Polycystic Ovarian Syndrome is the most common hormonal reason for causing infertility.
Almost 1 in 10 women are affected by PCOS. There is no age limit for contracting PCOS.
Women in their reproductive phase of life are affected by it at any time. However, it is mainly detected when you are planning to get pregnant, as that is the time where you pay attention to your ovulation process. PCOS affects your ovulation process as it has a direct effect on your reproductive hormones.
What causes PCOS?
The actual reason for PCOS is still unclear. Still, in most cases, the increase in the male hormone called androgen is responsible for this ailment. Every female body produces androgens but in a limited quantity. However, in women suffering from PCOS, the androgen production level is pretty high. This affects the ovarian process and ovulation. Due to this, you may not be able to release ovum every month.
Also, sometimes, PCOS is connected with increased insulin resistance. Your blood insulin level increases and affects metabolism. This increases your body weight and, in turn, amplifies PCOS symptoms.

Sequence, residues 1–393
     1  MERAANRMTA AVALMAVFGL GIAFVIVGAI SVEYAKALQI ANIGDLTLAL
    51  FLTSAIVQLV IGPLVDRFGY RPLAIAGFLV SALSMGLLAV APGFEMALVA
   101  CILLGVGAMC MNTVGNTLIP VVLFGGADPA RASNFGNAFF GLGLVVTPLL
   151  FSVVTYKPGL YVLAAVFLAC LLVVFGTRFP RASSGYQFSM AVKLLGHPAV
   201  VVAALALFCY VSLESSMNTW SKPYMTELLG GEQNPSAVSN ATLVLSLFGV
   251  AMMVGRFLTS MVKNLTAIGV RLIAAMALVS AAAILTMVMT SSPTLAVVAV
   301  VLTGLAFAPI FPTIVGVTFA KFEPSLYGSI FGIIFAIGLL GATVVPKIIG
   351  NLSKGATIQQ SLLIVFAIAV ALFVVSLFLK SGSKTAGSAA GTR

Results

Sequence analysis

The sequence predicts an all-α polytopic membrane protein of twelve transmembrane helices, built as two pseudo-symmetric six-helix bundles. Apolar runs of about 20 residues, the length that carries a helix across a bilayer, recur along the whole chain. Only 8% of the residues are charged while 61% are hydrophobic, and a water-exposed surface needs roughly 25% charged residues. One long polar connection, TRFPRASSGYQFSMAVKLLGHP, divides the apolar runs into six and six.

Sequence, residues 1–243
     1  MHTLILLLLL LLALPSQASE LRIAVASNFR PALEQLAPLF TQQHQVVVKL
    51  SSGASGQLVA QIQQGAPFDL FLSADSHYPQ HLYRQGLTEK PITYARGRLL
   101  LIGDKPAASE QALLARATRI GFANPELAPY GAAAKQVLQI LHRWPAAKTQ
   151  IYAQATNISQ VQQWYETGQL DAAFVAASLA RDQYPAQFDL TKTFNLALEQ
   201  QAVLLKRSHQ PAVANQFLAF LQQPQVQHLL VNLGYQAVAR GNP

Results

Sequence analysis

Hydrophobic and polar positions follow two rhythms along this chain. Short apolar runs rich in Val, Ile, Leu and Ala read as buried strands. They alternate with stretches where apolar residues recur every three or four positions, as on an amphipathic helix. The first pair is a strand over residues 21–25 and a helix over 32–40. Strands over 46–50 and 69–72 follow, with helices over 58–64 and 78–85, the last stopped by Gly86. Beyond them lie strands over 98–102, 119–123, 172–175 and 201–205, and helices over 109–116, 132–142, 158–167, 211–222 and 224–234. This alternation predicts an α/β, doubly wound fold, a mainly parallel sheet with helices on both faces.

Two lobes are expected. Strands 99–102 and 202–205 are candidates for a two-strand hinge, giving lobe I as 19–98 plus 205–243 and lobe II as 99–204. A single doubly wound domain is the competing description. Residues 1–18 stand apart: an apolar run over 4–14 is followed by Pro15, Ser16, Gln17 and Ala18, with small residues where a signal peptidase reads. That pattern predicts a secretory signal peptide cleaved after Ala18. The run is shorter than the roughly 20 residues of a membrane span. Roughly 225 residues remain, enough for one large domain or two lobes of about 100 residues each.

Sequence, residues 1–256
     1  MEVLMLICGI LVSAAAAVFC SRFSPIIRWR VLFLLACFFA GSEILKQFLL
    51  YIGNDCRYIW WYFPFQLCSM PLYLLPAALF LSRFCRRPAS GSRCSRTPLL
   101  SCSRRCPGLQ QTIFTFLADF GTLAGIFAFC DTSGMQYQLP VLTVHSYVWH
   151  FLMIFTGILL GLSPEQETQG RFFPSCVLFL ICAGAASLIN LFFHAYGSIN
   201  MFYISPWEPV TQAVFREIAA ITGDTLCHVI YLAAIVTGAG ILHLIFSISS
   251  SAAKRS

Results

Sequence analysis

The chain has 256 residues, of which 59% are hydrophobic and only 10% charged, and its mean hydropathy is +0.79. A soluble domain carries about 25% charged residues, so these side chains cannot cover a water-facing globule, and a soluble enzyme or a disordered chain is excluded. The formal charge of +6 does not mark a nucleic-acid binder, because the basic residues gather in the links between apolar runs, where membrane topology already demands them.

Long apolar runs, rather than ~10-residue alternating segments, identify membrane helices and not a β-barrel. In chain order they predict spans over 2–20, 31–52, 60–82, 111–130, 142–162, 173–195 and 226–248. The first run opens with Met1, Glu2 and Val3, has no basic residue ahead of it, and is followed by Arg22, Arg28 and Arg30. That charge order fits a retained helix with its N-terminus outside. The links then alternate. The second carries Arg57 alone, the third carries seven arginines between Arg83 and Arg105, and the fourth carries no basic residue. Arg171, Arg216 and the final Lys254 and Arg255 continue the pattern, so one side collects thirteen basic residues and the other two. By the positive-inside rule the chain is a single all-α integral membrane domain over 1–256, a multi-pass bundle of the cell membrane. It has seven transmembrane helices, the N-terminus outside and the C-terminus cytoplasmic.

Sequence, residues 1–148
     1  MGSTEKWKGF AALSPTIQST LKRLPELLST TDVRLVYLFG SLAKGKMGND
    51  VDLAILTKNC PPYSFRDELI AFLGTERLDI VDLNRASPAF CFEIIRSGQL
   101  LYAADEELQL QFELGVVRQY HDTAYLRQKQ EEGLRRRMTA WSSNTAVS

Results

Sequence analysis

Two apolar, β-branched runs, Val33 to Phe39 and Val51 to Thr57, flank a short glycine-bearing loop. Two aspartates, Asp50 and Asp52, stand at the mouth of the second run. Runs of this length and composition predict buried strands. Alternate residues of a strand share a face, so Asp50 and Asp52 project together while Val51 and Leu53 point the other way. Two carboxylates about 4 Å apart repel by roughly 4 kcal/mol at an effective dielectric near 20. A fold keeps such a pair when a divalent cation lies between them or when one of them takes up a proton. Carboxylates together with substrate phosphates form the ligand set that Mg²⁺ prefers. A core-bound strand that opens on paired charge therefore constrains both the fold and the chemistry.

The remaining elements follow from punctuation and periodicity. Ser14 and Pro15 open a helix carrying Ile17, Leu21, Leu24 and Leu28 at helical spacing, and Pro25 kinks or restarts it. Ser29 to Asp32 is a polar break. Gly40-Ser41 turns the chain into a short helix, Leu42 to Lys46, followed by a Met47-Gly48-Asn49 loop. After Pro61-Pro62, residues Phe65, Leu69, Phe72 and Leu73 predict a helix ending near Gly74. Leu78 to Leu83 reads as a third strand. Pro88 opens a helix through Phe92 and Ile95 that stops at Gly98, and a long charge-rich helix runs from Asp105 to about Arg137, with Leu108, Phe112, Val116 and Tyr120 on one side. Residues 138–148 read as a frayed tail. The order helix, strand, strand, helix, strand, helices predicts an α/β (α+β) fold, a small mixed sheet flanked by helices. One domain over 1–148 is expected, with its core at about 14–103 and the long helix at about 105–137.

Symptoms of PCOS:
Is it possible to get pregnant with PCOS?
It is certainly possible to get pregnant with PCOS. It is essential to study your ovulation pattern to ensure your pregnancy is successful. Talk with your doctor to know about the possible options to treat PCOS. Your doctor will analyze your hormone levels through a simple blood test, physical examination, and a pelvic ultrasound. Accordingly, your doctor will try to regulate your ovulation through medicines. If medication doesn't work for you, you may be advised to opt for in-vitro fertilization.
However, sometimes, controlling your body weight itself helps to balance your hormones and ovulatory process. You need to follow a healthy diet, incorporate regular physical activity in your lifestyle, and minimize stress. Following a healthy lifestyle will certainly help sort out PCOS problems.
Follow a healthy lifestyle and take proper gynecological consultation to get pregnant with PCOS.
Special thanks to Dr. Garima Sharma (FRM, M.S. OBGY, DNB OBGY) for the expert advice.